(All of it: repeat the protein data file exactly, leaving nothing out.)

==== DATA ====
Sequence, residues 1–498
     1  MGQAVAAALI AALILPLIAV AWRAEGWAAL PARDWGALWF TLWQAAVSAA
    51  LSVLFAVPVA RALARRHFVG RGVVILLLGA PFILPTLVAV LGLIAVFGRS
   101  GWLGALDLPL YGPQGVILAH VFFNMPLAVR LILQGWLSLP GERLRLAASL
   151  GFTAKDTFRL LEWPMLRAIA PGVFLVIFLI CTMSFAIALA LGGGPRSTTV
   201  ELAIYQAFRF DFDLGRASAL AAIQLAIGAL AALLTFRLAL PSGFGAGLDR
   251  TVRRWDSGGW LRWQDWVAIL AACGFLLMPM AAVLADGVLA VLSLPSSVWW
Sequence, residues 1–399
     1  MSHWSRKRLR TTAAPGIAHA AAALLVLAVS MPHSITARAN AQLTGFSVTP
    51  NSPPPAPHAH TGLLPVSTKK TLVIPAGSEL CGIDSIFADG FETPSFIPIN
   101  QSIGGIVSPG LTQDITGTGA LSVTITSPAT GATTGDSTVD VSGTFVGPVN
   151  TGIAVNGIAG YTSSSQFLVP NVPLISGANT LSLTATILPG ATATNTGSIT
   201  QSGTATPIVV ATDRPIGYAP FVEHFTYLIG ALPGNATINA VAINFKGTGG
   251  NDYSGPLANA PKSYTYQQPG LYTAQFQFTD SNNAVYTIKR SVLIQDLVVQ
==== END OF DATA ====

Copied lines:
Sequence, residues 1–498
     1  MGQAVAAALI AALILPLIAV AWRAEGWAAL PARDWGALWF TLWQAAVSAA
    51  LSVLFAVPVA RALARRHFVG RGVVILLLGA PFILPTLVAV LGLIAVFGRS
   101  GWLGALDLPL YGPQGVILAH VFFNMPLAVR LILQGWLSLP GERLRLAASL
   151  GFTAKDTFRL LEWPMLRAIA PGVFLVIFLI CTMSFAIALA LGGGPRSTTV
   201  ELAIYQAFRF DFDLGRASAL AAIQLAIGAL AALLTFRLAL PSGFGAGLDR
   251  TVRRWDSGGW LRWQDWVAIL AACGFLLMPM AAVLADGVLA VLSLPSSVWW
Sequence, residues 1–399
     1  MSHWSRKRLR TTAAPGIAHA AAALLVLAVS MPHSITARAN AQLTGFSVTP
    51  NSPPPAPHAH TGLLPVSTKK TLVIPAGSEL CGIDSIFADG FETPSFIPIN
   101  QSIGGIVSPG LTQDITGTGA LSVTITSPAT GATTGDSTVD VSGTFVGPVN
   151  TGIAVNGIAG YTSSSQFLVP NVPLISGANT LSLTATILPG ATATNTGSIT
   201  QSGTATPIVV ATDRPIGYAP FVEHFTYLIG ALPGNATINA VAINFKGTGG
   251  NDYSGPLANA PKSYTYQQPG LYTAQFQFTD SNNAVYTIKR SVLIQDLVVQ